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The 'Nick Caserio Wants Out' Report Was Not A Report At All; It Was Opinion

By Michael Hurley, CBS Boston

BOSTON (CBS) -- On Monday afternoon, The Boston Globe shared a story that carried the headline, "The real story in the Patriots-Texans clash: Nick Caserio wants out." The story included the line, "The real story is this: Nick Caserio wants out of New England." The story also included this line: "Specifically, he wants that Texans job." This line was also there: " It's certainly a significant plot twist that Caserio wants out." And, there were these two lines: "If Caserio is concerned about job security, there is no better place than New England, where he has lasted 19 years. Yet he still wants the Houston job."

Lastly, there was this conclusion: "It is interesting, to say the least, to see that Caserio wants out of New England."

The story was very straightforward, and given that it was written by NFL reporter Ben Volin, most outlets (including this one and many others) considered the story to be a report.

But apparently, this was all just Volin's opinion.

Volin went on Sports Radio 610 in Houston and explained that he did not have any sources telling him that Caserio wants out.

"So I just want to clarify one thing," Volin said on "The Triple Threat" show. "I'm seeing my column that I just posted a half-hour ago, I'm seeing it being referred to as a report all over the internet. And I don't think it's a report. I'm not talking, like, I don't have direct information from Caserio or his agent. Like, no one's telling me, 'Aw, Nick wants out.' What I'm doing is looking at all the facts of the situation and analyzing it and using some logic and common sense to try to tell people what's going on. And what I think is going on is pretty clear, that Nick Caserio wanted that Texans job, and the fact that the Krafts and the Patriots had to lawyer up and enforce his contract and file the tampering charges against the Texans, it's pretty clear that Caserio wanted that job and the Patriots are basically enforcing Caserio to play out his contract, so to speak."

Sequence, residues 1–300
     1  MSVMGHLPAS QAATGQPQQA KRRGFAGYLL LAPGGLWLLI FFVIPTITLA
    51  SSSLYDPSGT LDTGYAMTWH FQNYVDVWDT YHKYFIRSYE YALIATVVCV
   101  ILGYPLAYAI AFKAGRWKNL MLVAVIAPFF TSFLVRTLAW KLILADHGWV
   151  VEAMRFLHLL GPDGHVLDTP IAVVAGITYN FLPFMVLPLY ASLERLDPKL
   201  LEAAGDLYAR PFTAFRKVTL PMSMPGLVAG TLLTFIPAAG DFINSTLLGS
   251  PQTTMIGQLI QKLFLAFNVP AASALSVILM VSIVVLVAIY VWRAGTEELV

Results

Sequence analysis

On the one hand, the story itself didn't cite any sources. On the other hand, the definitive language both in the headline and the story did make it appear to be factual.

And while Volin's dot-connecting is fair and logical, it's not the only possible conclusion one could draw from the situation. It remains possible that Caserio is perfectly happy in his role as direct of player personnel for the Patriots, and it remains possible that Jack Easterby tried to improperly recruit Caserio during the Patriots' ring ceremony last week at Robert Kraft's house. If both of those scenarios were true, then it's likely that Caserio would have informed his bosses of such contact. Those bosses may have responded accordingly.

Now, all of that is just mere conjecture, and it is not reporting. It does, though show at least one alternate theory that could or should have curbed clear-cut phrases like "Caserio wants out of New England," lest such a story be interpreted nationally as a report and not an opinionated column.

UPDATE: Volin spoke on WEEI in Boston, and he said that he now stands by his story as a report, not just an opinion.

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